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Working with Dates

By The Microsoft Scripting Guys

Sesame Script

Welcome to Sesame Script, the column for beginning script writers. The goal of this column is to teach the very basics of Windows scripting for system administration automation. We’ll provide you with the information you’ll need to begin reading and understanding scripts and to start modifying those scripts to suit your own needs. If there’s anything in particular about scripting you’re finding confusing, let us know; you’re probably not alone.

Check the Sesame Script Archives to see past articles.

On This Page

Introduction to Dates…and Shrimp
Topic of the Day
Topic of the Date
Topic of the WMI Dates
Topic of the Shrimp

Introduction to Dates…and Shrimp

A shrimp’s heart is in its head. Does that mean it always suffers from a pounding headache?

That’s right, if you don’t know what else to do, start with a bad joke. Okay, a really bad joke. At least we’ve succeeded at one thing today. And a shrimp’s heart really is in its head, so if you didn’t know that you just learned something new.

Well, we’ve had a productive day today, let’s call it quits and go home.

What? This month’s Sesame Script? You’re kidding, right? After all the effort we put into finding out about shrimp anatomy you expect us to teach you something about scripting too? No way; we’re outta here.

Did we just say we weren’t going to talk about scripting? We were just kidding. After all, that’s our job, right? And the Scripting Guys are very devoted to their jobs. And it’s just a coincidence that we happened to run into our manager on our way out the door.

Topic of the Day

Let’s start with an introduction to today’s topic. That’s a good idea, right? Just as soon as we come up with one that’s exactly what we’ll do.

Anyone know what time it is? (All we know is that it’s still not time to go home.)

Anyone know what day it is? (Still a weekday, huh? Okay.)

Anyone know what year it is? (Hey, we only had one margarita at lunchtime. Maybe two.)

Speaking of years…hey, look at that, there’s our topic. Let’s talk about dates. Maybe if we waste enough time on that - er, um, we mean to say…maybe if we go into an in-depth discussion of dates you really will learn something about scripting from this article.

Topic of the Date

No, we have no idea what that heading means.

Maybe we should just show you a script. Here you go:



today = Date

Wscript.Echo "Two months from today: " & DateAdd("m", 2, today)
Wscript.Echo "Days left in the year: " & DateDiff("d", today, #1/1/2008#)
Wscript.Echo "Day: " & Day(today)
Wscript.Echo "Month: " & Month(today)
Wscript.Echo "Year: " & Year(today)
Wscript.Echo "Day of the week: " & Weekday(today)
dy = Weekday(today)
Wscript.Echo "Day of the week, readable: " & WeekdayName(dy)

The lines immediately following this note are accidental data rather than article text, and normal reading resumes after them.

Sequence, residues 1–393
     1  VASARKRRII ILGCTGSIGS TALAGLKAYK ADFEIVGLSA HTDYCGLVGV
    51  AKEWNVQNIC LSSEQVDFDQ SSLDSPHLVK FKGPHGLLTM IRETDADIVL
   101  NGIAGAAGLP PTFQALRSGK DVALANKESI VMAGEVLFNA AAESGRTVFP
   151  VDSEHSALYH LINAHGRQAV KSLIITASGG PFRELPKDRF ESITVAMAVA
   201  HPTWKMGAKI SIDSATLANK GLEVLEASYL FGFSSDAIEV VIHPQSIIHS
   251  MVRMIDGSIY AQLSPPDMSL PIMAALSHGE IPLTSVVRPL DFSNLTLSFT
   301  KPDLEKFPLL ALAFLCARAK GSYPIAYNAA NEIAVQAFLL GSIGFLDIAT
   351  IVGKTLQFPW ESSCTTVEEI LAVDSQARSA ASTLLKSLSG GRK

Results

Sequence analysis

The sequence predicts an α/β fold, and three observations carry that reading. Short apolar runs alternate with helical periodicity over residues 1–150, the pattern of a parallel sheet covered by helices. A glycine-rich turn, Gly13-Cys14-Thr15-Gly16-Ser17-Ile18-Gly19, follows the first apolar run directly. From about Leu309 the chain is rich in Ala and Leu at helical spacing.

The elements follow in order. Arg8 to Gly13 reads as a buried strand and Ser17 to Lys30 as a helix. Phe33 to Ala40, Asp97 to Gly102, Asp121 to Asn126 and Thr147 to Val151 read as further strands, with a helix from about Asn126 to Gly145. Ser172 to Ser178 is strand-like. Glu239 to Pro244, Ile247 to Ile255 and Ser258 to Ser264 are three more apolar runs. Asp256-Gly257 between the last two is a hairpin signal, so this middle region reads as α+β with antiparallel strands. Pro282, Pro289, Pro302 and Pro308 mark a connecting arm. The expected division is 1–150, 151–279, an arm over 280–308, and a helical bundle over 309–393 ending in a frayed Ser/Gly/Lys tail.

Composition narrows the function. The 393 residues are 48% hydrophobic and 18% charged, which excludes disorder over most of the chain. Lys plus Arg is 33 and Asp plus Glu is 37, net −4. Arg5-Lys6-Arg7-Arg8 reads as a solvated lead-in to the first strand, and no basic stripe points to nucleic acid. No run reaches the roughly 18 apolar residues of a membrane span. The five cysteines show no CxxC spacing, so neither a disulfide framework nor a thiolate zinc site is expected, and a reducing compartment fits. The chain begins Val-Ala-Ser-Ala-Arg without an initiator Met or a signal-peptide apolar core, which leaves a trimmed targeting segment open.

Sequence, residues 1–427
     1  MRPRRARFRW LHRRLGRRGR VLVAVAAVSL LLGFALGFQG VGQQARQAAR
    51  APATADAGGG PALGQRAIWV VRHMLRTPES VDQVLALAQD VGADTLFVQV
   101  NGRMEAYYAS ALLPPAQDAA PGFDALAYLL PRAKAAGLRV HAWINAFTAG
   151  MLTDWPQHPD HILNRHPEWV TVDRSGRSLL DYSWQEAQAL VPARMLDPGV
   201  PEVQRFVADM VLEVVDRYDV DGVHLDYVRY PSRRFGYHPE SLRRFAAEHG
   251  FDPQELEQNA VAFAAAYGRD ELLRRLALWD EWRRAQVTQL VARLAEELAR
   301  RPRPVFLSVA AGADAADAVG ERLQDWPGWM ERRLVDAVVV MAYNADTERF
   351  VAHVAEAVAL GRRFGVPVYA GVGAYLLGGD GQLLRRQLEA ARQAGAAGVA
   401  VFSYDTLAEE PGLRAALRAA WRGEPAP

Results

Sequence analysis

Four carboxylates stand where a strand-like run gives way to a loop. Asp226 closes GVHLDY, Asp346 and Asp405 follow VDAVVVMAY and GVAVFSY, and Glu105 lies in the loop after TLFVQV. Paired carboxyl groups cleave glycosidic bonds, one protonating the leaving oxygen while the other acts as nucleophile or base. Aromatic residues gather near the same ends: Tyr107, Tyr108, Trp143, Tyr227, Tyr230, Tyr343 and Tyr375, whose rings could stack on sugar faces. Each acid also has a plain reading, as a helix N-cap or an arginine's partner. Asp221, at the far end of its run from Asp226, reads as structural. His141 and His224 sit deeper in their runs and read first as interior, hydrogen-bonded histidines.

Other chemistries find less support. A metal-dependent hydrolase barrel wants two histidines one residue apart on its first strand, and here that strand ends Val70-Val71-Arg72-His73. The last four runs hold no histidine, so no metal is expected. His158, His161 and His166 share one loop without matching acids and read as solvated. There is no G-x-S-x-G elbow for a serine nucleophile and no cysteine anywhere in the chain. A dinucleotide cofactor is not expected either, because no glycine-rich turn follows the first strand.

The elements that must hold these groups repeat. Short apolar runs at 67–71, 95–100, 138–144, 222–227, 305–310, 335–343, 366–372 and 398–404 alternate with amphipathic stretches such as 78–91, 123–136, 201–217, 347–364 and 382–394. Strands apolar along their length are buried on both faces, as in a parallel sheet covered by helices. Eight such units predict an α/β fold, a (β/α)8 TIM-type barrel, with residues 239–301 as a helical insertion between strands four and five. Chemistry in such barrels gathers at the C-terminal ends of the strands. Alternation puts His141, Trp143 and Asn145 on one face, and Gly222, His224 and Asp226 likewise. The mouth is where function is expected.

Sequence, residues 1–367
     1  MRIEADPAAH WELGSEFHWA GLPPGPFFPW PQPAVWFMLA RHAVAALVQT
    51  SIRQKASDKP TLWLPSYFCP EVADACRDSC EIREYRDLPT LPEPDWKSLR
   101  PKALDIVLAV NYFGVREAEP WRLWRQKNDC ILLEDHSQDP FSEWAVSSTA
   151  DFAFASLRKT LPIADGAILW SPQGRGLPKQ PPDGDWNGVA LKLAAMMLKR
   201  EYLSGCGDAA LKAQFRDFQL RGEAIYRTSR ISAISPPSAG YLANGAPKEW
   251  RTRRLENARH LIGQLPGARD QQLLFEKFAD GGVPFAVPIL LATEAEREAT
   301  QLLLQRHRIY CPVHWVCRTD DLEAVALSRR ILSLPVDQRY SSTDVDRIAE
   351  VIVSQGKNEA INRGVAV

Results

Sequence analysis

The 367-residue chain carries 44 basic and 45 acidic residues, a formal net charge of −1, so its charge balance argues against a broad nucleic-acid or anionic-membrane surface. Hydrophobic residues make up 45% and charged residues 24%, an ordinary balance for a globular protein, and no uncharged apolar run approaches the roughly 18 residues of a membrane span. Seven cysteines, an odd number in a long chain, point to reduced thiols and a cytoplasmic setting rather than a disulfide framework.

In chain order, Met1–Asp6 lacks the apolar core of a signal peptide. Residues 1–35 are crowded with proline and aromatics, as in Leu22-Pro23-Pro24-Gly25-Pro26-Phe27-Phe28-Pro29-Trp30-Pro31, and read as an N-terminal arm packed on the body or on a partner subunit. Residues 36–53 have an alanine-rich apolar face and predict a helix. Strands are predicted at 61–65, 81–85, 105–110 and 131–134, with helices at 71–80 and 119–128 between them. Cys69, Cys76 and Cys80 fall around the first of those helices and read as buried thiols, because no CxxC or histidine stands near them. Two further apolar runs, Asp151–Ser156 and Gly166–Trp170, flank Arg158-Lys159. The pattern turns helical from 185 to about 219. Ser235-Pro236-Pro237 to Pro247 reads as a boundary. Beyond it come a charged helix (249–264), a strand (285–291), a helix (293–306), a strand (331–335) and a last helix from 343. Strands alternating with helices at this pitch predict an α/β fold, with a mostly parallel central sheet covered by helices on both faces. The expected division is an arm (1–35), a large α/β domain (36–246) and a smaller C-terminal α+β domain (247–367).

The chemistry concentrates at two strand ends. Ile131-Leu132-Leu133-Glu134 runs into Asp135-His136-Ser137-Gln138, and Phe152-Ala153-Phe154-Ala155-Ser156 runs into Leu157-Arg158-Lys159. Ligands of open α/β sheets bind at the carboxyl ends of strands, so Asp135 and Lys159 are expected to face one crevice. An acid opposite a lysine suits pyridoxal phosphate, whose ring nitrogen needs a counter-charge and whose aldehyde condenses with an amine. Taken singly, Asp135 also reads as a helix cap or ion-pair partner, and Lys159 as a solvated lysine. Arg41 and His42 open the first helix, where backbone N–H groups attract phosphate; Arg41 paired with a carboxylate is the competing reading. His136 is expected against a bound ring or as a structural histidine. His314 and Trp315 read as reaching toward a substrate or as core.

This script gives you a look at some of the things you can do with dates. Since we’re stuck here at our desks (our manager wandered by again, just to check on us) we’ll go ahead and walk through the script.

We start by calling the VBScript Date function, which simply returns the current system date. We assign that date to the variable today. We’ll use the date stored in that variable throughout the rest of the script:



today = Date

Note that there’s also a function by the name of Now, a function that also returns the current date. However, in addition to the date, Now returns the current time as well. In this script, however, we’re just going to concern ourselves with the date. Which is why we used Date instead of Now.

Next we echo back a statement that gives us the date two months from today. We do that by calling the DateAdd function:



Wscript.Echo "Two months from today: " & DateAdd("m", 2, today)

We’ve passed three parameters to the DateAdd function. The first is the letter m. We’ve enclosed the m in quotes because we’re passing a string value. If we passed an m without the quotes, DateAdd would think we’re passing a variable named m. In turn, because we haven’t assigned anything to a variable named m, DateAdd would get a little grumpy about all this. Like we said, the “m” that we passed in stands for month. We’re telling DateAdd that we want to add to the month part of the date. Can we add to other parts of the date? Of course; here are our choices:

yyyy

year

q

quarter

m

month

y

day of year

d

day

w

weekday

ww

week of year

h

hour

n

minute

s

second

As you can see, if we had included the time in our date variable we could add to the time too.

For the second parameter we’ve passed in a 2. This parameter tells DateAdd how much time we want to add. In this case we’re adding 2 to the months, so if it’s currently April, adding 2 will make it June. If only it were really that easy to jump into summer! What would be even better would be if it were that easy to go back in time. Come on, there must be something in your past you’d like to go back and change. And no, we don’t want to hear about it. But DateAdd can go back in time; simply pass a negative number. Want to retrieve the date two months ago? Simple:



DateAdd("m", -2, today)

The final parameter is the date we’re adding to, in this case the date stored in our today variable. So if today’s date is April 13, 2007, we’d see this when we run the script:



Two months from today: 6/13/2007

Yes, we know, not everyone in the world formats their dates like that. But we do, so that’s what we’re showing you. And really, that’s the great thing about these date functions - it doesn’t matter how your date is formatted. VBScript knows to check your regional settings and work with the correct part of the date.

Note: Before we move on we want to throw in a little more explanation for those of you who are absolute beginners. Let’s take another look at this line of code:



Wscript.Echo "Two months from today: " & DateAdd("m", 2, today)